Mars may have been cold and dry for billions of years, but it’s still an active place. A comparison of images taken just a few years apart by a Mars-orbiting spacecraft reveals freshly carved gullies and recent landslides. It also shows that a recently found, 20-meter-wide crater is only about 25 years old.
The images, taken by a camera aboard the Mars Global Surveyor spacecraft, provide evidence supporting earlier observations that the Red Planet’s south polar cap is shrinking at a rate of about 3 meters every 2 Earth years. That’s an indication that the planet, though frigid, is significantly warmer than it was just a few centuries ago, when frozen carbon dioxide was deposited to create its pitted terrain.
Michael C. Malin of Malin Space Science Systems in San Diego announced the findings this week during a telephone briefing. Malin’s team built the camera on Surveyor, which began orbiting Mars in 1997.
The most intriguing of the new features could turn out to be the gullies, which are located in sand dunes, comments planetary scientist Jack Mustard of Brown University in Providence, R.I.
Malin and his collaborators had previously found gullies on the slopes of craters near both poles. The team attributes those gullies to the seepage of groundwater (SN: 7/1/00, p. 5: Martian leaks: Hints of present-day water). Malin argues that the new gullies arose within the past few years when frozen carbon dioxide trapped in the sand vaporized during a Martian spring. A sudden release of the gas could have caused sand to flow like a liquid.
But Mustard notes that these gullies might instead have been carved by deposits of frozen water that briefly liquefied in the sand. If so, the dunes could supply “jugs of water” for astronauts that may someday land on the Red Planet, he says.
The gully debate may soon be settled. A spectrometer aboard the Mars Reconnaissance Orbiter, scheduled to arrive at the planet next March, is expected to discern whether the gullies contain frozen water or carbon dioxide.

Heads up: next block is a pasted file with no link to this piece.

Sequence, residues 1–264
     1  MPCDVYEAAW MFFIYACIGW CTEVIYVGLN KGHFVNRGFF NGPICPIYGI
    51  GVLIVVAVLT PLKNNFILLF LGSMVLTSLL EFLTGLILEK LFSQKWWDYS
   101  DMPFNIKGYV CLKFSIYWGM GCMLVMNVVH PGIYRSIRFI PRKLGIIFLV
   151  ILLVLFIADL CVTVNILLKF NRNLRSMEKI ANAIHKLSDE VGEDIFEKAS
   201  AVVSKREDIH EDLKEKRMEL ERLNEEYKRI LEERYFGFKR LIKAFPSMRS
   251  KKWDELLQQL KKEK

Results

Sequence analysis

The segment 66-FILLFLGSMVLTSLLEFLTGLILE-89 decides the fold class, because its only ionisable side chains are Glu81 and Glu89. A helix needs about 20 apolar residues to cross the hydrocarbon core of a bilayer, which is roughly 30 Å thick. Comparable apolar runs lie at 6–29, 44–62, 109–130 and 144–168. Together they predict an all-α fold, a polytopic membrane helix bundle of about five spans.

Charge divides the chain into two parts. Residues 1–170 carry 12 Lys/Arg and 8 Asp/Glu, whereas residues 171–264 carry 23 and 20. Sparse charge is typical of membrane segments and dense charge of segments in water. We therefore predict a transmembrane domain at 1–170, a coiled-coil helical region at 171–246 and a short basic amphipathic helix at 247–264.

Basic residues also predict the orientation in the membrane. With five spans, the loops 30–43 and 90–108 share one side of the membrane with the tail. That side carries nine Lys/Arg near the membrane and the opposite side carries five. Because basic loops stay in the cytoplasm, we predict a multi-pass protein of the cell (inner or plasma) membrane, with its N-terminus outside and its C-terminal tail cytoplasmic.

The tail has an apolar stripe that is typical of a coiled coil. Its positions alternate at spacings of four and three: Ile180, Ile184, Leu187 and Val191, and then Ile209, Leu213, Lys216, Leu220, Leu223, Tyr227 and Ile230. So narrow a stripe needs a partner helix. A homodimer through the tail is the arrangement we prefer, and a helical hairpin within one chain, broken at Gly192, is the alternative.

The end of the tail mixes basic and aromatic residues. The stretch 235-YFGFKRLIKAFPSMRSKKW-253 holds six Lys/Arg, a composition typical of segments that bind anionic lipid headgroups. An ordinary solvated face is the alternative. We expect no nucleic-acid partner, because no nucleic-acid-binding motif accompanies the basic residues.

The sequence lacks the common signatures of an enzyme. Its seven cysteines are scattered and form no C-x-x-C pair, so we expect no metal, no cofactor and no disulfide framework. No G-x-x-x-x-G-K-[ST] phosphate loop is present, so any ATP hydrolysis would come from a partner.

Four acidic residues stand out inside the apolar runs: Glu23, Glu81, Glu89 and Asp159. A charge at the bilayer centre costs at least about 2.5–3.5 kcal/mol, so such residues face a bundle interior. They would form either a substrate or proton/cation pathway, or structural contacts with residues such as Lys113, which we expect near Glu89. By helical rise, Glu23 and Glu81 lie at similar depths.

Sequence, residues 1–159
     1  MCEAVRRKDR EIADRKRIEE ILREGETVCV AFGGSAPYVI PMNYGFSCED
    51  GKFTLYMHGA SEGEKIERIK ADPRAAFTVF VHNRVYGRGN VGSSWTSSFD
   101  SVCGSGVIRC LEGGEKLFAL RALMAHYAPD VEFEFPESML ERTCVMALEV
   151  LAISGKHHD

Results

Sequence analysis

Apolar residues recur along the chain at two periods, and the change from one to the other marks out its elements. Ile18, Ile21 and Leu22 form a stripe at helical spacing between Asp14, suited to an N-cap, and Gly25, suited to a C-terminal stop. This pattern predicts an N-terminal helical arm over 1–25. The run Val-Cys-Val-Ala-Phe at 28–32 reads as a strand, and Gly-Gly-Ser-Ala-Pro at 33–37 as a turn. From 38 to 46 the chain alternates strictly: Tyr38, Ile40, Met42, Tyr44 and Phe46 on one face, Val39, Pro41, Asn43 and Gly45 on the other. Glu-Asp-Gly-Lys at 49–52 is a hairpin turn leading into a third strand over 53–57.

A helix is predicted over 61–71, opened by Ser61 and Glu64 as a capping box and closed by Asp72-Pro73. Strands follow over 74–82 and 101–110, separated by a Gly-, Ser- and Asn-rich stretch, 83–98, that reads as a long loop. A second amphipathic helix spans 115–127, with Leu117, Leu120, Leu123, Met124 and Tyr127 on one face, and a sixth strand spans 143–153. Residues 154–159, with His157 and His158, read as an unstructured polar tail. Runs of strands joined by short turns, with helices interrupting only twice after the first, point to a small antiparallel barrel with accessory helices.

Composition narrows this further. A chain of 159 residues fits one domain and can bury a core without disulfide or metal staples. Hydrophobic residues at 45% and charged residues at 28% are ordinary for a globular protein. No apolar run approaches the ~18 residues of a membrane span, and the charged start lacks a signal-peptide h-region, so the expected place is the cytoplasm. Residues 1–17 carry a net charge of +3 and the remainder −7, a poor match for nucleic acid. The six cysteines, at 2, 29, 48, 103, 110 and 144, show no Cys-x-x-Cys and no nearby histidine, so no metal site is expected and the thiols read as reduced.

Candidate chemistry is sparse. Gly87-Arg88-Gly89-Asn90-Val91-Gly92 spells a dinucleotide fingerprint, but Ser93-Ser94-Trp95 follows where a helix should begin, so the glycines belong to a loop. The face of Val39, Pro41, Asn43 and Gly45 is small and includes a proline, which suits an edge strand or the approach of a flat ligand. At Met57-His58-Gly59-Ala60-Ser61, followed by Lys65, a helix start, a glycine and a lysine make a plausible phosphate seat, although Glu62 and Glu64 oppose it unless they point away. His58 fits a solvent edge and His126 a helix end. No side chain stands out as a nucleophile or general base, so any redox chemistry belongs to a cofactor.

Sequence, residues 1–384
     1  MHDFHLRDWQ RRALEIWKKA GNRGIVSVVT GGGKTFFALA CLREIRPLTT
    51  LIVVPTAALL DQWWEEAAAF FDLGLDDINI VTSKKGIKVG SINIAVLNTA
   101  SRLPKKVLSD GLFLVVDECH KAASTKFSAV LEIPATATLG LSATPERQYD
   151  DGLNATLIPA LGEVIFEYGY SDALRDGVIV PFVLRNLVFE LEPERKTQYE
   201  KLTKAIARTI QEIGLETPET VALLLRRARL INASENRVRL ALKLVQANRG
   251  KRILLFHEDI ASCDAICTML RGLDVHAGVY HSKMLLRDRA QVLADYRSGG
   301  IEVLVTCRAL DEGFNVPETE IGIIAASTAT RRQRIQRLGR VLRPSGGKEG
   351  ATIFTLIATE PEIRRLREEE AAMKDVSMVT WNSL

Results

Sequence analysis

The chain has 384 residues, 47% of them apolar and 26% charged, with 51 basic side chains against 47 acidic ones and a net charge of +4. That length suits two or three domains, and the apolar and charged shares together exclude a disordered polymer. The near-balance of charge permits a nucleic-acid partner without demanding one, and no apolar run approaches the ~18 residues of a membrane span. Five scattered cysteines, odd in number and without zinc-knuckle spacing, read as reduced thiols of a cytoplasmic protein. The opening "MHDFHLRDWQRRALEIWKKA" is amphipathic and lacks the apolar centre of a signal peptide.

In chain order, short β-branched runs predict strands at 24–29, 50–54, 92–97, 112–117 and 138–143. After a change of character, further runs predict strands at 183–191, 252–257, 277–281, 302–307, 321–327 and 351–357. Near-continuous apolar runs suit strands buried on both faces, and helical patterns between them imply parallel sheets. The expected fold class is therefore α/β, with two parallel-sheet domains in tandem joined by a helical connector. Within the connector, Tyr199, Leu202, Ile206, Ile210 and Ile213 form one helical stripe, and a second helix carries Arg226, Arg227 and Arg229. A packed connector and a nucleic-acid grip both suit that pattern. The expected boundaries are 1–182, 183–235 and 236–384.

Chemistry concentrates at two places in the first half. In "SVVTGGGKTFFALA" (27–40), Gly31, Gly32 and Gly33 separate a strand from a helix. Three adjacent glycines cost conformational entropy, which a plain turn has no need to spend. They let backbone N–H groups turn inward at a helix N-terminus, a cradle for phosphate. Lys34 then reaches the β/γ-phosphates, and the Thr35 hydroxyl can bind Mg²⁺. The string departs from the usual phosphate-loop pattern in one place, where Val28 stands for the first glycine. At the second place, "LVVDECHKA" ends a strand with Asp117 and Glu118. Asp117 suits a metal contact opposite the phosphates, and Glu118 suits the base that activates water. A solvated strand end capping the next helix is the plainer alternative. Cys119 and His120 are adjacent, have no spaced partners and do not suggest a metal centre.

A separate set of Surveyor images reveal that between November 2003 and December 2004, more than a dozen boulders slid from the wall of a crater to its bottom, leaving behind tracks on the dusty slope. Either strong winds or a quake could have caused this landslide, as well as others documented by Surveyor, Malin says.
Yet another cache of images from the craft is revealing surprising information on how infrequently the planet has been bombarded by meteorites over the past century, Malin says. Surveyor spotted a crater that wasn’t there when the Viking orbiter imaged the same region in 1976. Examining Surveyor images of the crater recorded in 1999 and 2005, Malin’s team measured the amount by which dark streaks of material ejected by the impact had faded. The rate of fading indicates that the crater formed in the early 1980s. In a similar analysis, the team identified several other craters that appear to have formed within the past 100 years.
This record, although limited to the 4 percent of the planet that Surveyor’s camera has examined at high resolution, suggests that during the past century, the planet has been smacked by large chunks of space debris at only one-fifth the rate that theorists had estimated, Malin says.
However, Surveyor might not be privy to the whole picture, notes Mustard. Most of the craters seen by the craft come from bright areas where dark streaks of crater material are easiest to spot. Many craters may remain hidden because they lie on a dark background, Mustard says.
Surveyor is funded to continue its exploration of Mars through 2006.